Opportunities for Exercise during Pullet Rearing: Effects on Bone Health and Keel Bone Damage in Laying Hens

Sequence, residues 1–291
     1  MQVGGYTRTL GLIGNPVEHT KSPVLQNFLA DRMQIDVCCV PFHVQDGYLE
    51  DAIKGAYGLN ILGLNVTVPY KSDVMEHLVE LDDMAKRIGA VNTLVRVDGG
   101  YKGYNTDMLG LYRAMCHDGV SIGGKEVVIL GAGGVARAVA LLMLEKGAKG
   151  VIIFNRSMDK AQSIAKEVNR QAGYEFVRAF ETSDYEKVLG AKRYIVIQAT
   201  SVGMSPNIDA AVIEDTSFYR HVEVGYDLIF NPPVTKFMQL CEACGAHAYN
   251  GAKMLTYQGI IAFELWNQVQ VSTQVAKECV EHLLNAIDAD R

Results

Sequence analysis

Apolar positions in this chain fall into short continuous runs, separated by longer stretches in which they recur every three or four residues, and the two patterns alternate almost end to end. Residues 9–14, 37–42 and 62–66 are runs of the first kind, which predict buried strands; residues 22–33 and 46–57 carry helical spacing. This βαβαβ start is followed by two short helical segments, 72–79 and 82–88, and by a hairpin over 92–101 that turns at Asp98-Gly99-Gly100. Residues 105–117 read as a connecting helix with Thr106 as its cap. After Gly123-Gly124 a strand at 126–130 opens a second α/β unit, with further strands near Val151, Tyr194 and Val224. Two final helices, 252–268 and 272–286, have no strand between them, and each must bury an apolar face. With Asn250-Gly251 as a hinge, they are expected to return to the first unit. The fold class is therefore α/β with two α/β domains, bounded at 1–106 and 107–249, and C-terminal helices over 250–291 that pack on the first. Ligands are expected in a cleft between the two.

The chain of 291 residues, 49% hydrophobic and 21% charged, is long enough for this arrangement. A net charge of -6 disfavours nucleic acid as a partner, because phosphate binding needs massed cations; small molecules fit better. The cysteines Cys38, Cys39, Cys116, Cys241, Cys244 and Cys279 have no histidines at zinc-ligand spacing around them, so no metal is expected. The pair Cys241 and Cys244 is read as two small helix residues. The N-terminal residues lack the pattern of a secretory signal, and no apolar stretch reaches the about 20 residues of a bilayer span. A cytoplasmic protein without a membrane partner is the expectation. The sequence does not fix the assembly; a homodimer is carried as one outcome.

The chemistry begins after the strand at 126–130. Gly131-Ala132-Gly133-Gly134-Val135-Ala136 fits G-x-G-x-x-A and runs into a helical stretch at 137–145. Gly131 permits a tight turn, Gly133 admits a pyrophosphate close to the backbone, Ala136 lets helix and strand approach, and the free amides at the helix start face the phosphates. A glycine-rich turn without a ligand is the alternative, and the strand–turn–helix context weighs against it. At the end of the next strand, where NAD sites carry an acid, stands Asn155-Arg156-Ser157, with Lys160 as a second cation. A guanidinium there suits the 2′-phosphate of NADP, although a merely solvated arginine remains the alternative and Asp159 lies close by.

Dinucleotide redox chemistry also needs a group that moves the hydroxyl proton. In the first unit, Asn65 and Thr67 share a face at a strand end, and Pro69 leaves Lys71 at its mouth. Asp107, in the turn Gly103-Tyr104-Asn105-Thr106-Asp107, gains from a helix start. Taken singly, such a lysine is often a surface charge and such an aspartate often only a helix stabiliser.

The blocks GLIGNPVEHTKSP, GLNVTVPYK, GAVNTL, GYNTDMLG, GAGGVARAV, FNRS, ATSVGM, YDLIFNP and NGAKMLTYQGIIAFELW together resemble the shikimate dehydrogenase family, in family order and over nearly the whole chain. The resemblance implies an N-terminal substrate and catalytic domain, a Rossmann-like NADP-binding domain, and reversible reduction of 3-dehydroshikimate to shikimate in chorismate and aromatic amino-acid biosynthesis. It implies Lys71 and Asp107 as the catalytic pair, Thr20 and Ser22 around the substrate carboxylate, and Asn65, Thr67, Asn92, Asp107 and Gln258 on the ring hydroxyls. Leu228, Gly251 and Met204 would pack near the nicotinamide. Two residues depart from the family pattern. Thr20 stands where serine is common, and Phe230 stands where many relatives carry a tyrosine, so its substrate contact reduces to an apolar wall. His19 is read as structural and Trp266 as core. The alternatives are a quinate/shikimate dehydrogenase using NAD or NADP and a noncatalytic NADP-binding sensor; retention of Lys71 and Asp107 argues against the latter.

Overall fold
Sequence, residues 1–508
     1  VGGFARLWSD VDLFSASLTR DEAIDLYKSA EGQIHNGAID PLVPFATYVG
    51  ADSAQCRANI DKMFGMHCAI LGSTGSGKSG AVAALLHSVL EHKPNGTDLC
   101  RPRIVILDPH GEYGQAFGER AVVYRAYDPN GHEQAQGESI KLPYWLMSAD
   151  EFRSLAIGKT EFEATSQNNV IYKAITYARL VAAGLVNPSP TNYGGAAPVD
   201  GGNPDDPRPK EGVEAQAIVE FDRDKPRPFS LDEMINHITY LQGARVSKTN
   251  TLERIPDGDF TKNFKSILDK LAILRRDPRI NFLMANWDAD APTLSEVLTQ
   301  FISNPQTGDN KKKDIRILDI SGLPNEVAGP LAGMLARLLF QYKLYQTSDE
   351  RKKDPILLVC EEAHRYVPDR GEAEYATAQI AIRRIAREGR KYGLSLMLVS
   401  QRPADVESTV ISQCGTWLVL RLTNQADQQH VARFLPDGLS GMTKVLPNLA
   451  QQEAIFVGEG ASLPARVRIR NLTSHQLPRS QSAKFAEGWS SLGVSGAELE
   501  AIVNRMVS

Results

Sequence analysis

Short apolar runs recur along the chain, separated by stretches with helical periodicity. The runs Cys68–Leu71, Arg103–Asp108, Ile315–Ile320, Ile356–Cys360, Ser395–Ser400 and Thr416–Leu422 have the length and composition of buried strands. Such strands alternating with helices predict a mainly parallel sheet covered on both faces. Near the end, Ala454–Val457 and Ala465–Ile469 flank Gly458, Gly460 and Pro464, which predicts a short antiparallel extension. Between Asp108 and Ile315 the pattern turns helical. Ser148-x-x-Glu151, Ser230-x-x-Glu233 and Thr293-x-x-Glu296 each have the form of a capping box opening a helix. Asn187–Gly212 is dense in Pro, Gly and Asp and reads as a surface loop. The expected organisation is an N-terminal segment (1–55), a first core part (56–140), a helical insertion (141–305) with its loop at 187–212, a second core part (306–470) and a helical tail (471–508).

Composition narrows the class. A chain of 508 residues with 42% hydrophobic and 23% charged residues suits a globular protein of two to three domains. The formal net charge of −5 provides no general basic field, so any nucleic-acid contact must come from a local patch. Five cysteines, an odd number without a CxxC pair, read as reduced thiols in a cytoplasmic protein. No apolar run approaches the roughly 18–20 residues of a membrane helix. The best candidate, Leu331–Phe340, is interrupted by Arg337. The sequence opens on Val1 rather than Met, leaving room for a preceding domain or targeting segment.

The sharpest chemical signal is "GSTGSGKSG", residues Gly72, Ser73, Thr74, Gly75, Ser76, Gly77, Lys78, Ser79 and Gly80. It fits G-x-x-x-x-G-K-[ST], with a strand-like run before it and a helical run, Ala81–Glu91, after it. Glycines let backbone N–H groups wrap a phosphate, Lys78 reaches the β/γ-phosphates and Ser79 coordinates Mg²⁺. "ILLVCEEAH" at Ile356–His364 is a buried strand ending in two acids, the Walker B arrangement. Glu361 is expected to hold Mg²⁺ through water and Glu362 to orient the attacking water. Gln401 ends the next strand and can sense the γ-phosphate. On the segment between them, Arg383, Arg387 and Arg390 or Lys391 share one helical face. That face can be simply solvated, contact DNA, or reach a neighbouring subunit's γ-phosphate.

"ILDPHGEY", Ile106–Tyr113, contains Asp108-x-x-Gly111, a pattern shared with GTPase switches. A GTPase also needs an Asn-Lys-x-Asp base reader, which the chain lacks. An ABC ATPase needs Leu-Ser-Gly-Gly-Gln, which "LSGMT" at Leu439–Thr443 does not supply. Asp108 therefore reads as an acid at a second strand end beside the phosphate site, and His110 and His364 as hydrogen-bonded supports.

This thesis is an investigation of the effect of providing opportunities for exercise on long term bone health of laying hens, with an emphasis on keel bone damage. Osteoporosis in laying hens is a welfare concern as it increases the risk of bone fractures. The keel bone is especially susceptible to fracture during the laying period. Providing opportunities for exercise during pullet rearing, a period of substantial musculoskeletal growth, offers a proactive approach to reducing osteoporosis by stimulating osteogenesis. The main objective was to determine whether rearing environments that offer different opportunities for exercise have long term effects on bone health and keel bone damage of laying hens. A secondary objective was to determine whether adult housing systems that offer different opportunities for exercise have an effect on bone health and keel bone damage of laying hens. Additionally, behavioural differences between hens with or without keel bone fractures were assessed, and an accelerometer to measure inactivity in laying hens was validated. Aviary-reared pullets had greater values for bone cross-sectional area, bone mineral density, bone mineral content, and bone breaking strength in wing and leg bones compared to bones of conventionally-reared pullets. Rearing effects on several bone composition measures were maintained through the end-of-lay, with aviary-reared hens having greater values for bone cross-sectional area and bone mineral content compared to conventionally-reared hens; however, bone mineral density was greater in conventionally-reared hens. Hens in large furnished cages had greater values for bone mineral density and content compared to adult hens housed in conventional cages. Aviary-reared hens had a lower prevalence of keel bone fractures throughout the laying period compared to conventionally-reared hens, with no effect of adult housing. Hens with keel fractures perched more and stood less than hens without keel fractures. Further investigation into whether these behavioural differences cause keel damage, or are a coping strategy resulting from keel damage is warranted. Future studies using the accelerometer validated within this thesis to quantify inactivity levels in laying hens may be useful in measuring changes in activity as a result of keel damage or other pain related conditions in laying hens.